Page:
Holbrooke plays Kipling to Mac's new burden

By Mac Weekly Staff

This year’s convocation was delivered by former US ambassador to the UN and 2008 Secretary of State hopeful Richard Holbrooke.

This aspiration may have played a part in his moderate “Hillary Clinton” general election-ready address. His ambitions paralleled the aspirations tempering Macalester’s legacy of unadulterated radicalism and tradition of speaking truth to power. The Institute for Global Citizenship’s troubling relationship to power and privilege has been a microcosm of the systemic transformation that Macalester’s leadership has willfully entered us into.In seeking to bolster its own privilege and thrust this College from proud activism into pride for further self-advancement, Macalester’s increasingly public-conscious image is being converted to privilege. This privilege is the currency underwriting our new white man’s burden, and Mr. Holbrooke readily supplied gravitas and ideological support for this project.

Before a diverse audience of citizenships and identities Mr. Holbrooke advanced a baldly America-centric philosophy. He emphasized that little of consequence would take place internationally without American involvement, placing the burden of keeping the world’s peace squarely on America’s tortured shoulders.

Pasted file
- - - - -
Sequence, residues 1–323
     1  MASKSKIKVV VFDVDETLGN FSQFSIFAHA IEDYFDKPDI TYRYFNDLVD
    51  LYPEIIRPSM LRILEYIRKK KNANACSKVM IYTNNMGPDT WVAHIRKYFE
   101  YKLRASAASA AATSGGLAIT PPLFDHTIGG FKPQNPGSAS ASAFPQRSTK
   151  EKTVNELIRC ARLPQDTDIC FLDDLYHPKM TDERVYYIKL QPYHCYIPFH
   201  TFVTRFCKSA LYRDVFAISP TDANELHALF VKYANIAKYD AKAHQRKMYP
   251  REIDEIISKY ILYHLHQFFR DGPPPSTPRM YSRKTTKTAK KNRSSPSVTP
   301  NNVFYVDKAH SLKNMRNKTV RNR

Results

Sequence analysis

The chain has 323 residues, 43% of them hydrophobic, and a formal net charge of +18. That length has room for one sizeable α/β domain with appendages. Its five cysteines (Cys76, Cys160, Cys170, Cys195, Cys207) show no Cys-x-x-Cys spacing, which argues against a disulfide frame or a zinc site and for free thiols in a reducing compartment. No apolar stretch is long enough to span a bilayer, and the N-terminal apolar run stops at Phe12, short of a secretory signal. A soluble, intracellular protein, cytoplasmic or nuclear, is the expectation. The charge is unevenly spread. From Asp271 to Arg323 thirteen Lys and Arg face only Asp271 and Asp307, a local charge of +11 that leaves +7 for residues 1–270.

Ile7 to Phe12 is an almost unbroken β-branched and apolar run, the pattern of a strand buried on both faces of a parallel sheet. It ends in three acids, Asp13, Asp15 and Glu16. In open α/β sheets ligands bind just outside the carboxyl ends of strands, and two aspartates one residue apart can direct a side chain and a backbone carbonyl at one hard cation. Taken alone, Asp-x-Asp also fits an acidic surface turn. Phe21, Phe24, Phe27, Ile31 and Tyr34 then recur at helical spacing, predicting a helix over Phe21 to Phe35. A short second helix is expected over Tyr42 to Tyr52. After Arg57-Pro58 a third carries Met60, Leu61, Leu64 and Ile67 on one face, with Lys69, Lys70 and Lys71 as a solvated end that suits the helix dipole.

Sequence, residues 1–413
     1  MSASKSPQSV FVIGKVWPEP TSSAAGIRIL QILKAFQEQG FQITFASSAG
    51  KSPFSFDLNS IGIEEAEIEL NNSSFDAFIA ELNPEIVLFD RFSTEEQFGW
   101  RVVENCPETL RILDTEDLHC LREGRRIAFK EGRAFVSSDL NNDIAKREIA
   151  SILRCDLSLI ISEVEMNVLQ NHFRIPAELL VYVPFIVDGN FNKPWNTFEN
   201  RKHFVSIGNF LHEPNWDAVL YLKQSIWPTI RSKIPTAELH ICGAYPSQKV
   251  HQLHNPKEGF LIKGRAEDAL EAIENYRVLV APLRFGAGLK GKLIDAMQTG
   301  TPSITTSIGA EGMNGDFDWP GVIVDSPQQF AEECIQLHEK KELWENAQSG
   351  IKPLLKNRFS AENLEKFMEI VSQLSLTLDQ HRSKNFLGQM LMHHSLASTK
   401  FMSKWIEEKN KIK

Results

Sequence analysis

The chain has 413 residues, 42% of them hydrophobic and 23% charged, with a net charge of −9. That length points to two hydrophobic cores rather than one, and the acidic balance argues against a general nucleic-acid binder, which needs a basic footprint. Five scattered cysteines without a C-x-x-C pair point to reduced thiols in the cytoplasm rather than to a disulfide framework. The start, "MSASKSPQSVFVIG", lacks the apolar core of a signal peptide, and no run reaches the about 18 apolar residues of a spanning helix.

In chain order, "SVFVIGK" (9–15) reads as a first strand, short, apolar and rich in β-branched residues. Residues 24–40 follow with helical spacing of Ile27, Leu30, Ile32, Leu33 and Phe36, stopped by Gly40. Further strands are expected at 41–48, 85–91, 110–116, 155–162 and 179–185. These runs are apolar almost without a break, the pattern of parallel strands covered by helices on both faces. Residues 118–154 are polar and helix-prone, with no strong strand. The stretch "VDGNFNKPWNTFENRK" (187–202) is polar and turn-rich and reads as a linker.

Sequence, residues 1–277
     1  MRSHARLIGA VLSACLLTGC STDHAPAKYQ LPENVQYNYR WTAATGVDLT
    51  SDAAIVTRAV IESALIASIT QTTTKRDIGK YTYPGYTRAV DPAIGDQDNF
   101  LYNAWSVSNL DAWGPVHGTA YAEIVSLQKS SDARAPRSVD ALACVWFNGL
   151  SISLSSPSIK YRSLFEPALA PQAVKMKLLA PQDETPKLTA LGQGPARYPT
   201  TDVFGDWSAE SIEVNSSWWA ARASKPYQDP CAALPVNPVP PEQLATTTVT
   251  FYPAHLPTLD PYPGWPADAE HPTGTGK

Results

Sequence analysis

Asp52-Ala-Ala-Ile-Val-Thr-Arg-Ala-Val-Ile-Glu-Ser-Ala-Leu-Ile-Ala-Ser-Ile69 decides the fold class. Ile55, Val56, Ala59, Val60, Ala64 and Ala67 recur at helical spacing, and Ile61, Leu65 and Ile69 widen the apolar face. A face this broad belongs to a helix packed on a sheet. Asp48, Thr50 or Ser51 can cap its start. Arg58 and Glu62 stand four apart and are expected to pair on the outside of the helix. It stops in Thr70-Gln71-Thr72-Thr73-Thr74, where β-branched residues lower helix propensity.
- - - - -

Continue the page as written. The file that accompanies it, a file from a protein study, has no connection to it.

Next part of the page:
Just as Mr. Holbrooke insisted that all positive change hinged on American involvement, Macalester has taken it upon itself to solve all the world’s problems. The Third World is a career. And a mission.

This worldview proved so insular that Mr. Holbrooke repeatedly emphasized that no lives were lost in NATO’s 1999 Kosovo campaign, only later adding the caveat that he was referring to NATO lives.

Mr. Holbrooke’s address was aimed at and resonated with a growing body of politically-focused Macalester students planning to enter into a close relationship with the governmental and financial institutions responsible for the very injustices that we (for now) universally bemoan.

The crown, and the race for it, will lie heavily on Macalester’s head as long as we continue our missionary relationship to the rest of the world. In working to link up students to transnational networks of privilege, we close minds to futures, experiences, and solutions outside of that privilege.

Mr. Holbrooke was far more at home at Macalester than he might have been 30 years ago. This reception is troubling.